Cranky on the Web – Jacking Up Fares in a Crisis

Did airlines jack up fares after Amtrak wreck? It’s unclearPhiladelphia Inquirer
I was intereviewed for this story, but I can’t say I agree with the headline. Looking at National and Philly to JFK and LaGuardia, the fares were the same. In some cases, fares were higher than the lowest possible, because airplanes were full. But I was seeing plenty of flights selling the lowest (already incredibly high) walkup fare each day.

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5 Comments on "Cranky on the Web – Jacking Up Fares in a Crisis"

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cebonilla
Member

While the statement that they didn’t raise fares could very well be true, it doesn’t rule out the possibility that the number of seats in each fare bucket could have been changed.

Grichard
Guest

I wonder if airlines even had to do that much. I imagine that flights between Boston/NY/Philly/DC have a large fraction of short-notice, inelastic-demand business travel anyhow, and that fare buckets are already structured to take advantage of this fact.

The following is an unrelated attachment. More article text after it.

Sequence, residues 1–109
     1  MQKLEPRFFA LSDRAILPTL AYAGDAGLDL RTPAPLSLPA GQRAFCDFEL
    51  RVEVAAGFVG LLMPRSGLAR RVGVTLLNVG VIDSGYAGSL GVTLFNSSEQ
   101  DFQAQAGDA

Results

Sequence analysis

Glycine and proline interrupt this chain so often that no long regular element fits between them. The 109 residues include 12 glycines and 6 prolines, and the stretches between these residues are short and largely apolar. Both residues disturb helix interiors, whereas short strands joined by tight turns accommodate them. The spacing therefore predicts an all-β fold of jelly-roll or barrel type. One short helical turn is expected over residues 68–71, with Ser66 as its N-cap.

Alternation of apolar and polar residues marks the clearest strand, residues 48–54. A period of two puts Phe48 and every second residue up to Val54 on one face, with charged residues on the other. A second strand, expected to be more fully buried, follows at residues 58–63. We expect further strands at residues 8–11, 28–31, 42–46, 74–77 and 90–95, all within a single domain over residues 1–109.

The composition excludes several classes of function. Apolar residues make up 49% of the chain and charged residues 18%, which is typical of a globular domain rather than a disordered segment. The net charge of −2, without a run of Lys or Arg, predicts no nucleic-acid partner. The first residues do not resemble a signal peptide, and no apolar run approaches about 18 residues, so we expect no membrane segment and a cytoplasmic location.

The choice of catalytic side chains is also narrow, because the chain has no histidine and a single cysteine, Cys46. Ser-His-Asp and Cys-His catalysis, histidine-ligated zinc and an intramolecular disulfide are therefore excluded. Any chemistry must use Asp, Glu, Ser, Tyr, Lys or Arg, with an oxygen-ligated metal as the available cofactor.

If I were looking for evidence of dastardly deeds, I would look at the fare buckets of connecting flights that used these northeastern shuttles as one of two segments. It wouldn’t surprise me to see that those (possibly cheaper) fares disappeared to make room for displaced Amtrak business customers.

Cook
Member
Shock and surprise here. I guess I simply did not know that the 121 carriers could (legally) change fares that quickly. That aside, I agree with CF that the short distance airfares in the NE corridor, where trains and even buses truly do compete, are miserably high. Most of those seats are in the short notice buckets and I’m sure that the carriers make a bundle. Heck, a trans-con flight of ~2300 miles is often less expensive than a 300 mile flight in the NE. This is simply one more reminder to ticket buying flyers that the fare and fees… Read more »
Mitch
Guest

Unfortunately, many of my driving trips include ” screaming, snot-nosed and diseased kids” They are called family vacations.

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